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A Big MacKerfuffle...

Violent religious protest in Israel over an artwork of a crucified Ronald McDonald


Link Here 15th January 2019
A McJesus Sculpture Has Provoked Violent Protests in Israel. The gallery is now fending off government censorship as well as the artist's own request to remove the work in solidarity with a pro-Palestinian boycott of Israel.

Jani Leinonen's McJesus (2015) has become the subject of violent protests at Israel's Haifa Museum of Art.  the Rev. Archimandrite Agapious Abu Sa'ada of the Greek Melkite Catholic Archeparchy of Acre told Haaretz:

We denounce the exhibition and the injury to the holiest symbol of Christianity by an institution that is supposed to serve citizens of all religions,

Hundreds of Arab Christians were on hand Friday to protest the controversial work, while police mobilized to prevent them from entering the museum and removing the work by force. Three policemen were injured by protesters throwing stones, while officers Officers, meanwhile, used tear gas and stun grenades to clear the crowd, according to the Independent .

The demonstration followed a letter on Thursday from Israeli culture minister Miri Regev calling for the work to be removed and threatening to revoke the museum's government funding.

McJesus was installed in September as part of the exhibition Sacred Good, which looks at religion and faith through the lens of consumerism. The museum describes the piece as a way to address the collaboration between religious systems and the consumer culture.

So far, the museum has refused to take the work off display, instead meeting with church leaders and officials from the Haifa Municipality and determining that the most appropriate response to is to hang a sign at the exhibition entrance warning visitors of potentially offensive content.

 

 

America's low self esteem...

LA school authority to destroy artwork over a vague similarity to the Rising Sun flag of Imperial Japan


Link Here 18th December 2018
Beau Stanton's mural of Ava Gardner adorns the Robert F. Kennedy Community School in LA's Koreatown. The mural is an homage to the famed Cocoanut Grove nightclub which stood nearby, and depicts the Old Hollywood film star in profile, palm trees and moorish architecture overlaid on her face. Behind her head, alternating rays of blue and orange in a sunburst pattern.

Last month, the Wilshire Community Coalition sent a letter to the Los Angeles Unified School District requesting that the mural be censored. The group ludicrously claimed that the pattern was too similar to the Rising Sun Flag of Imperial Japan, a symbol loaded with pain and trauma for the Korean-American community that they likened it to the Swastika of German Nazism. The group wrote:

This work is extremely offensive and threatening to many survivors, descendants and community stakeholders who stand in absolute opposition of the Japanese Imperialism, Racism, ethnic hatred and crimes against humanity committed by the military aggression during the World War II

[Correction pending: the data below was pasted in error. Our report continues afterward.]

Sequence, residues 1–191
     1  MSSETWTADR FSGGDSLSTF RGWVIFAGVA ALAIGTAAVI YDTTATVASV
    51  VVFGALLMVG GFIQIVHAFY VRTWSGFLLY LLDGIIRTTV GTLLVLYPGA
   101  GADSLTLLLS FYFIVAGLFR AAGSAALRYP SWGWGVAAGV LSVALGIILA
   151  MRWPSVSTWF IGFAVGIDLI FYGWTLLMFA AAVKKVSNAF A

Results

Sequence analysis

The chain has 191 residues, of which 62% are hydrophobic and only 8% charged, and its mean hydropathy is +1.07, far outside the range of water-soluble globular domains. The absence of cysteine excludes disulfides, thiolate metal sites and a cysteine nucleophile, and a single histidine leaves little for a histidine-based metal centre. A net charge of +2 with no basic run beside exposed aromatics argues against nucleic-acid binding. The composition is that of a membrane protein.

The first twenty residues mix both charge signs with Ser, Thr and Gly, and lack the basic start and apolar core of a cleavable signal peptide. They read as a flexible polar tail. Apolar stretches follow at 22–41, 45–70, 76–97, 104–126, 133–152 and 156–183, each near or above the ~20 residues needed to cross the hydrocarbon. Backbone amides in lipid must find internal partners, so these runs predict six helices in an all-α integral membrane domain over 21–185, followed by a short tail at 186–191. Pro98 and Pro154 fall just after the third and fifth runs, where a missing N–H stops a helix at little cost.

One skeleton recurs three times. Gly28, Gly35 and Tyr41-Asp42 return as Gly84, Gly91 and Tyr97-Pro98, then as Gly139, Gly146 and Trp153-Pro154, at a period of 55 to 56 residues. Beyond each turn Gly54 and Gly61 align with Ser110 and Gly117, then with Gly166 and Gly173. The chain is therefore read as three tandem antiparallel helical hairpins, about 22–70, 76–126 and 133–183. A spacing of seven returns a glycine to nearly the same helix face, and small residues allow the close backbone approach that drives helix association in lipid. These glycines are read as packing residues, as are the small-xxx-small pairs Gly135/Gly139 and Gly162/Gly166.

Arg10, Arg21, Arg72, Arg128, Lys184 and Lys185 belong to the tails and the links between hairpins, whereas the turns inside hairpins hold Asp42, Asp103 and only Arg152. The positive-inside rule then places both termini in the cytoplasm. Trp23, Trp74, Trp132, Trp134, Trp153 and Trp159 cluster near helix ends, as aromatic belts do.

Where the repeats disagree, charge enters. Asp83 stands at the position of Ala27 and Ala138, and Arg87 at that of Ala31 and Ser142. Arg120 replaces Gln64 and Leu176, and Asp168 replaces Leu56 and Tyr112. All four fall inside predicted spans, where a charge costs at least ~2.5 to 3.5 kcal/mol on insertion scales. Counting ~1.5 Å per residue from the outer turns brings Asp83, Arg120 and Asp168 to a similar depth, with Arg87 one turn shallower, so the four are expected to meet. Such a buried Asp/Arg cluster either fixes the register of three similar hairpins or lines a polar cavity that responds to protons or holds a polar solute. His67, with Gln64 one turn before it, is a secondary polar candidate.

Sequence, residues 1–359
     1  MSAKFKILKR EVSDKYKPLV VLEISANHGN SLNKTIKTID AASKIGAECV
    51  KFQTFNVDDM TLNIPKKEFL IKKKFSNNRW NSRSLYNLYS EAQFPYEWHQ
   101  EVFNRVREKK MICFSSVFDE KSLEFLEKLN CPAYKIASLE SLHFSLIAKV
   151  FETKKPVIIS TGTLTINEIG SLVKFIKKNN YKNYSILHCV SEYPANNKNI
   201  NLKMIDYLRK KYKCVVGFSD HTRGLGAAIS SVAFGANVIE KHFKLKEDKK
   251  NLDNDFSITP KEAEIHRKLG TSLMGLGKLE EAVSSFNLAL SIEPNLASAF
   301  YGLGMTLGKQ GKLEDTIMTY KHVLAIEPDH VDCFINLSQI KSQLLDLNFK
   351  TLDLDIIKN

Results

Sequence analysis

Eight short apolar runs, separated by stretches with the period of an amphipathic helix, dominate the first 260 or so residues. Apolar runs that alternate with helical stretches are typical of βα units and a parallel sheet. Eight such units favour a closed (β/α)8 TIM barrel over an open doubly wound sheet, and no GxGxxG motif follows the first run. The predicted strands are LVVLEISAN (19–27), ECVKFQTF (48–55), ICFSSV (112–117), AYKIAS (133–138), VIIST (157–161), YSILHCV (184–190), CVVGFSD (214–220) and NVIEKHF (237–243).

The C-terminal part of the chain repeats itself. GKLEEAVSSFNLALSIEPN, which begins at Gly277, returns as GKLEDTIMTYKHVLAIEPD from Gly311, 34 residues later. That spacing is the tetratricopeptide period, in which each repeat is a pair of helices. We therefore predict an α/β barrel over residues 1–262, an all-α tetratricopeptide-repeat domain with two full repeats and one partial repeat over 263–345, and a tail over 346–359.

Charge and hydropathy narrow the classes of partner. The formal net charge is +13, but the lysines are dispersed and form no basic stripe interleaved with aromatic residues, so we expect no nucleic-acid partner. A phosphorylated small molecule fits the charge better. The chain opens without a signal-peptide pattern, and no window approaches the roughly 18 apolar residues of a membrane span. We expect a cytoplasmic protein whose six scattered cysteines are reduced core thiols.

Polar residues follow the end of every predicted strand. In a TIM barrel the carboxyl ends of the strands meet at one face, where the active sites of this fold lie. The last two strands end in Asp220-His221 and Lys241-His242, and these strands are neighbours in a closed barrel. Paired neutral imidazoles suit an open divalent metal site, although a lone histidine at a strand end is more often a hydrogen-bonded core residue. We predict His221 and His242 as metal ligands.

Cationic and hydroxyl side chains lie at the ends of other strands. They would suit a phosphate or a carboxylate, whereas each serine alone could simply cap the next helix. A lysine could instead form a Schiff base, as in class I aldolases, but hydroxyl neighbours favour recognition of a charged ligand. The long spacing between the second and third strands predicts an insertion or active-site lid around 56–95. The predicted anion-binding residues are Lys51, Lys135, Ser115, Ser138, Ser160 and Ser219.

Let's hope these easily offended Koreans never  going shopping in the UK

In response to their request, the LAUSD agreed to paint over the mural during winter break.

Los Angeles Times art critic Christopher Knight issued a scathing rebuke to the decision calling it deplorable. An innocent artist is being smeared as a promoter of hate speech, Knight wrote, his work unfairly attacked for something it is not. He went on to detail the ways in which the mural differed from the Rising Sun Flag, from the number of rays -- 44 vs 32 -- to the colors used, and the myriad sources in which similar motifs can be found. Deceptive claims have been weaponized to shut down free speech, he concluded. The school mural is not the scandal; LAUSD's imminent censorship is.

 

 

Cat calls...

Chichester Council censors street art


Link Here 2nd December 2018
The King of Cats mural by street artist Joachim has been censored by Chichester District Council after residents whinged that the painting was 'inappropriate' and attracting antisocial behaviour.

The black-and-white cat, which stood about 18-foot-high, was painted by the Belgian street artist in October 2017.

62 residents signed a petition calling for the King of Cats to be removed. One complainant said the nightmarish cat had attracted additional graffiti within two days, while another described the artwork as vandalism, according to a list of complaints published in Chichester Observer, which were submitted to the council in October and November 2017. The petition letter claimed that the cat has drug connotations in its design.

Following the mural's removal, Joachim was inundated with messages of support from the Chichester community, asking him to come back to their city, according to Graffiti Street.  So Joachim went back to the same spot and painted another black-and-white mural -- The Watchdog.

 

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